It all began in June of 1996, when a woman by the name of Pamela Acosta sat in a hospital room in California, only to witness a doctor break the news of her mother’s pancreatic cancer diagnosis. Rose Schneider died six months later, she was 68.

Three years later, Julie Fleshman of California experienced a similar loss when her father passed away from pancreatic cancer, just four months after diagnosis. With no resources and limited hope, Fleshman searched for answers.

Simultaneously, Acosta was on her own search and stumbled upon an internet forum run by Johns Hopkins Medical Center, where she came across a researcher who was interested in studying early detection for pancreatic cancer. Determined to make a difference, she produced the inaugural “An Evening with the Stars” celebrity gala, which funded the first ever early detection lab for pancreatic cancer.

Three months later, in February of 1999, she founded the Pancreatic Cancer Action Network (PanCAN). And, it was Fleshman who became the organization’s first staff member. Fleshman, JD, MBA, now serves as the organization’s president & CEO.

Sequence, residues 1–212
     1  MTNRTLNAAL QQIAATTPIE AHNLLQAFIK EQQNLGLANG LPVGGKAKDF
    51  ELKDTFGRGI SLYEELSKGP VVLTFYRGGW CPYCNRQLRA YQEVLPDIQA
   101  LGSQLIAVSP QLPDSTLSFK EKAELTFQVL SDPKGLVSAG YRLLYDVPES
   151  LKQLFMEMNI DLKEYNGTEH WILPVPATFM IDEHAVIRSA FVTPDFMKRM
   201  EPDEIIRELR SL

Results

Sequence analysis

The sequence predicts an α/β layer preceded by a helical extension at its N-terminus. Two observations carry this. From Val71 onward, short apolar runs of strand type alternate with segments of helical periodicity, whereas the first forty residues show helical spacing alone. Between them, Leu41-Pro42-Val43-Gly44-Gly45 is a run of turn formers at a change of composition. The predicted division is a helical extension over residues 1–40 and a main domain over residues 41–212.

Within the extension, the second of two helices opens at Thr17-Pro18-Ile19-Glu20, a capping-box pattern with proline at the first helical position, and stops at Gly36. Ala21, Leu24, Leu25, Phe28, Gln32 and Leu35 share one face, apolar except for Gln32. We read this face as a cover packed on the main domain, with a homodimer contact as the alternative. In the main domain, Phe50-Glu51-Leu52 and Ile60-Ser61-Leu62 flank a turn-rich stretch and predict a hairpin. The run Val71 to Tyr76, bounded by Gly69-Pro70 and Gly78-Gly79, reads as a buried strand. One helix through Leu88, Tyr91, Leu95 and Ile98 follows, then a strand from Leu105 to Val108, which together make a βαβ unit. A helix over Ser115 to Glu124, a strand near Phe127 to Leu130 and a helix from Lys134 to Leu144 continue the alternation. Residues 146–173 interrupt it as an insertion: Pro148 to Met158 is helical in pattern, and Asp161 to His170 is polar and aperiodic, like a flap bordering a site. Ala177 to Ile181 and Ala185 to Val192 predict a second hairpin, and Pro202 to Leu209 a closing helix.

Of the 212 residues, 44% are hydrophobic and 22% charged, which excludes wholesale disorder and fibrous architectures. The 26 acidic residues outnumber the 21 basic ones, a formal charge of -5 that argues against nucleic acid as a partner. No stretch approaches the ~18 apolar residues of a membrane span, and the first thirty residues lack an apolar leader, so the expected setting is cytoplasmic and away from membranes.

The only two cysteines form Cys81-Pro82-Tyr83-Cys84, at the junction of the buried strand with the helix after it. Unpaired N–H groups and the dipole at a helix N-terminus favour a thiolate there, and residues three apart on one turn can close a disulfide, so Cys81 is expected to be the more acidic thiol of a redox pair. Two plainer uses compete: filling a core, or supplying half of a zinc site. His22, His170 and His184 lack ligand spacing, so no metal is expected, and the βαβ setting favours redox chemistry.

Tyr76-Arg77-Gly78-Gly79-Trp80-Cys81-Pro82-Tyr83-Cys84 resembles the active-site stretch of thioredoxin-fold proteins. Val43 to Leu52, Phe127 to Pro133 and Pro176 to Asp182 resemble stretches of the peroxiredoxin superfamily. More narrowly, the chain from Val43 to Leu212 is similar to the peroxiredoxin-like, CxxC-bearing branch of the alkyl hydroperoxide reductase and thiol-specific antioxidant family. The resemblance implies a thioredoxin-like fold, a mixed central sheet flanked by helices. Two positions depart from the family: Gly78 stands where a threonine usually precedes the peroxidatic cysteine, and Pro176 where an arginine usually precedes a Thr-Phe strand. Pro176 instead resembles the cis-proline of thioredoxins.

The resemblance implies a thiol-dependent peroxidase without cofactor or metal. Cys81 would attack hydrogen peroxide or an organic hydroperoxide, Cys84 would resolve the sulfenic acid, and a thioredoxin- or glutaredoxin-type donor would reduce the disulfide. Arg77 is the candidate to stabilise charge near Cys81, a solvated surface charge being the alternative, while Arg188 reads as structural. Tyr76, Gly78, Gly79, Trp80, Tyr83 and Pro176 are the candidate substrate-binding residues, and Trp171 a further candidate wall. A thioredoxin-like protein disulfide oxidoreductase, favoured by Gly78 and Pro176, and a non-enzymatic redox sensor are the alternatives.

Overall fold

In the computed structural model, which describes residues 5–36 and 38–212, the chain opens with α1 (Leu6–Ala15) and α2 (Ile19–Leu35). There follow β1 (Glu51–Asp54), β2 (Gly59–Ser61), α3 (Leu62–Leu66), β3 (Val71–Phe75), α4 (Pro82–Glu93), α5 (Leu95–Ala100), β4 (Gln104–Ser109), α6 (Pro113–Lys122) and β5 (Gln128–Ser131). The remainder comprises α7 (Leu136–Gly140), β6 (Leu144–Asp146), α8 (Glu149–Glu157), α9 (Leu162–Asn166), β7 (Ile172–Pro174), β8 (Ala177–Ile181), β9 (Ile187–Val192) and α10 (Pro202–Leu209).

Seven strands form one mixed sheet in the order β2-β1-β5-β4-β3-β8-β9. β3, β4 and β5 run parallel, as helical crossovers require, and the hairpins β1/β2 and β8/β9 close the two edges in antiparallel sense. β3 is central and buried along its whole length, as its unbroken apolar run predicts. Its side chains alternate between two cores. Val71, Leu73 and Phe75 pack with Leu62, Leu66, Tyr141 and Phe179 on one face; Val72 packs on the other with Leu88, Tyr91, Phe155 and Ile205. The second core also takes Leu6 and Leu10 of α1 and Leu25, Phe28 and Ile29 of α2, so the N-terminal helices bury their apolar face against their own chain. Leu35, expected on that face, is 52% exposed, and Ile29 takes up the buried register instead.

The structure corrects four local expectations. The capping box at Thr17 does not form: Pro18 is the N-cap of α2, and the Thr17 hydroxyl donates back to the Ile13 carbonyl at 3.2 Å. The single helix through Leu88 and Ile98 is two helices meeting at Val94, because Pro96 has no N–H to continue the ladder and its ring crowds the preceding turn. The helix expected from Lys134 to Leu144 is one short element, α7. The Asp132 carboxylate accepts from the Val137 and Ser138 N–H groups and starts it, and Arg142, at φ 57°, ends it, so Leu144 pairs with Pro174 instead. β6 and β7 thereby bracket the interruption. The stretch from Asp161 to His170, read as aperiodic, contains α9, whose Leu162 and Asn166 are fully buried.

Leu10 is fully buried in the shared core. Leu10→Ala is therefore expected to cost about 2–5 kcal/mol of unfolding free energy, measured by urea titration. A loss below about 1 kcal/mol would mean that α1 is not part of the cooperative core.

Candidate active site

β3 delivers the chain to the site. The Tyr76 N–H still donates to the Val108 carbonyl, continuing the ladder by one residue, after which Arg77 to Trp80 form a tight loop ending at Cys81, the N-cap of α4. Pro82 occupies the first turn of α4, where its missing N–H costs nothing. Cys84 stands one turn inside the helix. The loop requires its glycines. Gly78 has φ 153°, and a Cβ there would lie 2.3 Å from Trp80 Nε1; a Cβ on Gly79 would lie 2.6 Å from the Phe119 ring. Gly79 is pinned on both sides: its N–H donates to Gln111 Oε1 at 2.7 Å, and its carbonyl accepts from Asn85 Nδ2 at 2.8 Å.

The History of the Pancreatic Cancer Action Network is a compelling video that tells the story of the organization’s founding and major accomplishments.  The video features PanCAN leadership, survivors, volunteers and members of the medical community who are working to make PanCAN’s ambitious goals possible.

“From its inception, as an organization, it was founded by people who were personally touched by this disease,” said Sunil Hingorani, MD, PhD, director of the center for accelerated translation in pancreas cancer at Fred Hutchinson Cancer Research Center in the video. “That brings a different sense of urgency about what matters and what doesn’t matter.”

Today, Fleshman leads a trailblazing organization that addresses pancreatic cancer on all fronts: research, clinical initiatives, patient services and advocacy. And Founder, Pamela Acosta Marquardt, remains the backbone. Together, they inspire a nationwide grassroots army of over one million to take action and accelerate progress in the fight to end pancreatic cancer.

“People always want to be part of something that’s greater than what they could accomplish on their own, that’s PanCAN,” said Diane Simeone, MD, director of the pancreatic cancer center at Perlmutter Cancer Center at NYU Langone Medical Center and chair of PanCAN’s Scientific and Medical Advisory Board (SMAB).

PanCAN is on an urgent mission to save lives and improve patient outcomes for the world’s toughest cancer.

Learn more about the history of the Pancreatic Cancer Action Network and how they’re working to double survival by 2020 here.